The tech world is also characterized by few true disruptors and many wannabes. For example, Uber really changed how transportation works. And now we have companies describing themselves as “the Uber of entertainment,” “the Uber of office space,” and “the Uber of healthcare” (don’t ask).
Perhaps the greatest indicator of a big disruption is when that phrase, “the [existing success story] of [some unrelated business],” doesn’t work. Nobody would claim to be the Amazon or Google of anything, because Amazon and Google are already almost everything.
Followers vs. Staff
Perhaps a little like Charles Manson, Don Quixote managed to attract a group of people who supported, advised, admired, and feared him. Some, like his housekeeper and Sancho Panza, he treated as inferiors, addressing them informally and insulting them regularly. Others, like Ferdinand and Don Diego, he treated as equals or even as his betters, often receiving some benefit from them. Some found him entertaining, others found him terrifying, but none of the relationships were really based on anything like mutual respect or mutual gain.
At least for his first voyage, we have a complete list of Columbus’s crew. Although Isabella offered amnesty to convicts who agreed to serve on the voyage, only four crew members were jailbirds. The other 81 were professional tradesmen on a fixed pay scale reflecting their positions.*
This is actually a really interesting area to watch right now in tech. Some founders get carried away with internal slogans, philosophies, and trying to make everyone in the company parrot their own worldview. And for all the talk about valuing lateral thinking and contrary points of view, many established Silicon Valley companies are having trouble precisely with internally dissenting voices, firing first and thinking later. Whistleblowing is a growing annoyance for many of them, but for most employees whistleblowing is a tactic of last resort. It’s what to do after their attempts at internal reform have failed and their criticism has fallen on deaf or hostile ears. Google was acting like Quixote, collecting sycophants rather than fostering and engaging with peers. Google wanted a Sancho Panza, and they got (very mildly) burned because of it. Similarly, Mailchimp’s employees certainly didn’t feel like worthy peers after the company’s founders, who had vowed never to sell, changed their minds and hit the employees right in the stock options.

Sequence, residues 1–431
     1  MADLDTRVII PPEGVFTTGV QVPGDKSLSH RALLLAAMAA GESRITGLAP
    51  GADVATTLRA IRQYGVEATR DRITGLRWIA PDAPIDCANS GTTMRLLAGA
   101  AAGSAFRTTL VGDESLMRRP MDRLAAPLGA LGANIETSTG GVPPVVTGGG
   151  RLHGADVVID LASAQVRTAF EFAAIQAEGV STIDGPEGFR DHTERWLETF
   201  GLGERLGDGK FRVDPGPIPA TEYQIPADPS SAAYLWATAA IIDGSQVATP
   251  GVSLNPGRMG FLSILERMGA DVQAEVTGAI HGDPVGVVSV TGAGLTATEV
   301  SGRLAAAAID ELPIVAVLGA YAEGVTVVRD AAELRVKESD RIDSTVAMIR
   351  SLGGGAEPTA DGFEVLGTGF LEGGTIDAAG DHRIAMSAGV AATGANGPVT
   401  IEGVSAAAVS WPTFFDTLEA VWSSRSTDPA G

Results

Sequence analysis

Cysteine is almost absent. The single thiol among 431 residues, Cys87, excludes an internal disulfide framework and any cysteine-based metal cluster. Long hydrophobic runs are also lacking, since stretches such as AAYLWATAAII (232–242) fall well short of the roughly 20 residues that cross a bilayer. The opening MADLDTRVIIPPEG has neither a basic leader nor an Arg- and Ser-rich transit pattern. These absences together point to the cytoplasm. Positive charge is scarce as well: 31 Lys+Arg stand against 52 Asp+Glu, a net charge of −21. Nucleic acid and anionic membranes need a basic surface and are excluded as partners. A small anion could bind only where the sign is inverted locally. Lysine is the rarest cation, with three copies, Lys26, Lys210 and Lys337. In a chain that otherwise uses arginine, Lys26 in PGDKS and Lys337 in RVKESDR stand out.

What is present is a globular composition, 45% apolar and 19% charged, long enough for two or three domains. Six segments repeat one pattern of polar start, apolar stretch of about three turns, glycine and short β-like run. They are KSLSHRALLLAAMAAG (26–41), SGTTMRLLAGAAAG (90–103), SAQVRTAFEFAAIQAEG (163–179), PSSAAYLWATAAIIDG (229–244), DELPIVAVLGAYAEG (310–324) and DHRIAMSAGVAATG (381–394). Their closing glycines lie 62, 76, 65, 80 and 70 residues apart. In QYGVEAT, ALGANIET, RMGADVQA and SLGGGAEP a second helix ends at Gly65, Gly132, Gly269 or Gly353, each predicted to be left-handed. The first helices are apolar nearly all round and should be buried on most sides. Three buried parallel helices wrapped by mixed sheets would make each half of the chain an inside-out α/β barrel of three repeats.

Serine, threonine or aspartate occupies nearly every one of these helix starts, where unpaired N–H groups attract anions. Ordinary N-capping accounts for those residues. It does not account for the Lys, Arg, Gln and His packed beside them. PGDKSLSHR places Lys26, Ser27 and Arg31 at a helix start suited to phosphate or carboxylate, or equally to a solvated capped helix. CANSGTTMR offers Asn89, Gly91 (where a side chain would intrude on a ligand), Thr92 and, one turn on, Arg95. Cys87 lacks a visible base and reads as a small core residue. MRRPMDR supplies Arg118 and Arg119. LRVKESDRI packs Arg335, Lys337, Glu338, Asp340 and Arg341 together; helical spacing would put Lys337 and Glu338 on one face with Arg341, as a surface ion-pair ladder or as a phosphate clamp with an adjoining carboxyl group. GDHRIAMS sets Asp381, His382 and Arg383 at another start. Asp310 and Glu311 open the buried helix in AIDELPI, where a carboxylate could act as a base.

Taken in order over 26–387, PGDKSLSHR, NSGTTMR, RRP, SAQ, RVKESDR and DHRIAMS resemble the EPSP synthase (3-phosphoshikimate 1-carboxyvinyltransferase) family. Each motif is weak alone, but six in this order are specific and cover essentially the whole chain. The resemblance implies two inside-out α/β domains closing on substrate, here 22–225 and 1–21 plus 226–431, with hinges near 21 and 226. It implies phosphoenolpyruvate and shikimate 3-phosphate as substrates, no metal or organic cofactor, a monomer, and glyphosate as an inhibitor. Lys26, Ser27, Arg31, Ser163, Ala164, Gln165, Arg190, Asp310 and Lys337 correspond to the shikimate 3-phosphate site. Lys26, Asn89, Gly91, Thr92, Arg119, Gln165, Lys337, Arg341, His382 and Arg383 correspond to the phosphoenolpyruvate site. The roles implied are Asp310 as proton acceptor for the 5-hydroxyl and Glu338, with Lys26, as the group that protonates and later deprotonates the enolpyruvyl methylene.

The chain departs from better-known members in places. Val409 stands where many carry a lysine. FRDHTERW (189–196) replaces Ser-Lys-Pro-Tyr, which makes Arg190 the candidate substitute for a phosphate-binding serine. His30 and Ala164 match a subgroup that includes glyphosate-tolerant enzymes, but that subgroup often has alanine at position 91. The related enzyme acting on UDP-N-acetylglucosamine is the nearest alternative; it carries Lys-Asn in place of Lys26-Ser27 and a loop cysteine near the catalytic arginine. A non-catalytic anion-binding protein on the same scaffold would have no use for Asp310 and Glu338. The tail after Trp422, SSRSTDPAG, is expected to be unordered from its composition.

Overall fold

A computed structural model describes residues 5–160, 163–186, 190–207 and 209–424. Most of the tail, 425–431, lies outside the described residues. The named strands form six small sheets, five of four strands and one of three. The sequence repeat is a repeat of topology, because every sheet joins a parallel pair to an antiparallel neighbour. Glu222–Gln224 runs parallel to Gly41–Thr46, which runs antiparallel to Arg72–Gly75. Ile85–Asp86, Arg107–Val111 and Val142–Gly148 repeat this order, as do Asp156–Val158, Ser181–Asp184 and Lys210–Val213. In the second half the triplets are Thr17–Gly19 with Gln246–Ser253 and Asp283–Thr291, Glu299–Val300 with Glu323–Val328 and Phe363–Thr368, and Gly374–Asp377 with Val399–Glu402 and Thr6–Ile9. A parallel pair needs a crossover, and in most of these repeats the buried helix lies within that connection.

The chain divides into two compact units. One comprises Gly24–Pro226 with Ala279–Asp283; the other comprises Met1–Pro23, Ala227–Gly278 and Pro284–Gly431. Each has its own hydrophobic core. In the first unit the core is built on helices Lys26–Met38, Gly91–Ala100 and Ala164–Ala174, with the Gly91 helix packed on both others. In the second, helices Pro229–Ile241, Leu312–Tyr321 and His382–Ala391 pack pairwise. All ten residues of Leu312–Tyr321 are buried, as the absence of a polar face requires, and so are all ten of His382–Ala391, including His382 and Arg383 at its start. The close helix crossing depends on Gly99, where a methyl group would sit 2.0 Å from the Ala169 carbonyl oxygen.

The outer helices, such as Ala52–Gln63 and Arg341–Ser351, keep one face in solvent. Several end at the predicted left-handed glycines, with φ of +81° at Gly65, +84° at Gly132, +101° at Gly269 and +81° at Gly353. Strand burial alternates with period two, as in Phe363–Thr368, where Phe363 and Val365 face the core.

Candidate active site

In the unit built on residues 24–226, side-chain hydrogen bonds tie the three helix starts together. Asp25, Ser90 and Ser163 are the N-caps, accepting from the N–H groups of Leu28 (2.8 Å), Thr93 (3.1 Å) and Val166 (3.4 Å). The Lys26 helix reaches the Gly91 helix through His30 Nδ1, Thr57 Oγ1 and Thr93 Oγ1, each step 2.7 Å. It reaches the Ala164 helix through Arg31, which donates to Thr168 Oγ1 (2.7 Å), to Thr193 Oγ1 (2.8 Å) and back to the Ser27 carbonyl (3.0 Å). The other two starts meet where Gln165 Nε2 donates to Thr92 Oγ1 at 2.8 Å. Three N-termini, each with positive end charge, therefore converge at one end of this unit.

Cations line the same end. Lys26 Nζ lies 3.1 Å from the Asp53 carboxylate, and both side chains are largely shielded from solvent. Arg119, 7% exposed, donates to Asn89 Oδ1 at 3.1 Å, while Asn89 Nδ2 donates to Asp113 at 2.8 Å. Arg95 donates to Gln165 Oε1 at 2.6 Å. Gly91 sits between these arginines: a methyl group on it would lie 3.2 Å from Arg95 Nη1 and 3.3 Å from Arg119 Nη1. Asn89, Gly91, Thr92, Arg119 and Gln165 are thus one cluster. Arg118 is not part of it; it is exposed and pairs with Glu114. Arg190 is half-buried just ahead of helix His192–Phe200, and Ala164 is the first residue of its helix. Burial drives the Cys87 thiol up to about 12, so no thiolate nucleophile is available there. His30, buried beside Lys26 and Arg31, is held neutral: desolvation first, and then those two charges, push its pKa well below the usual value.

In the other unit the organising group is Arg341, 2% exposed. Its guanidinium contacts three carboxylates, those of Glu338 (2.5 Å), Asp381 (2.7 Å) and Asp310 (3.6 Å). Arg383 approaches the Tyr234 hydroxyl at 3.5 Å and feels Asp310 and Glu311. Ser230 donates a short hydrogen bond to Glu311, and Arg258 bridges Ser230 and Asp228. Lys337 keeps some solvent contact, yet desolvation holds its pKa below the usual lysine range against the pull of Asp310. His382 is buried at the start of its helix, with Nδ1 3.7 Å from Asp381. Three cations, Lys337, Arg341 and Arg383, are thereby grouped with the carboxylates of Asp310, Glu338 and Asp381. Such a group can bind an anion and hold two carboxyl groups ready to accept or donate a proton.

Don Quixote was a small-time nobleman, and he financed his pointless adventures himself. He also reneged on promises to compensate his supporters, and he left a number of angry creditors in his wake. He was convinced that it was vulgar for a knight errant to have to pay for things, so basically the world owed him whatever he wanted.
Columbus hustled, pitched, and negotiated. He first sought financing from the king of Portugal, then turned to merchant city-states in the Mediterranean — first Genoa, then Venice — before returning to the Portuguese throne again, and finally securing funding from one of the most astute VCs, all-around toughest leaders, and visionary women of her age: Isabella I of Castile.
When a VC asks who’s already funding a project, it’s not because we can’t think for ourselves, as some have suggested. It’s because perhaps a colleague whose judgment we respect has already spent time and effort on the due diligence and found the venture to be sufficiently well managed, rational, and worthwhile (and we might not want to carry all the risk alone). External funding from a source known to be judicious and ambitious is a very good signal to other financiers.
An investment by Isabella’s short-sighted predecessor and half-brother, Henry IV, would be no indication of viability. But if someone like Isabella is willing to invest, the venture is probably worth examining even if the Venetians and Genoans have passed and the Portuguese king has said no — twice.
This is one reason why we like to make moves on the secondary market. Those who run secondary-market platforms, like Forge Global, don’t want to list just any junk, so they pre-filter the stocks they list. Such a curated list of promising stocks is very helpful to late-stage VCs like us. We wouldn’t rely exclusively on their judgement, but another informed opinion can’t hurt.
Every popular idea or practice begins in the avant garde, being pitched by someone who must be mad by the standards of their time. They must first convince a minority, and then that minority must convince the world. In the best business cases, VCs are that initial minority, and this is how we find our visionaries.
*Yes, Columbus also had slaves. Slavery is everywhere and always reprehensible, but they were still figuring that out in the 15th century, so Columbus didn’t consider his slaves as capable of being even followers. They were simply property to him (and yeah, that hurts to write). May we descendants always be wiser than our ancestors.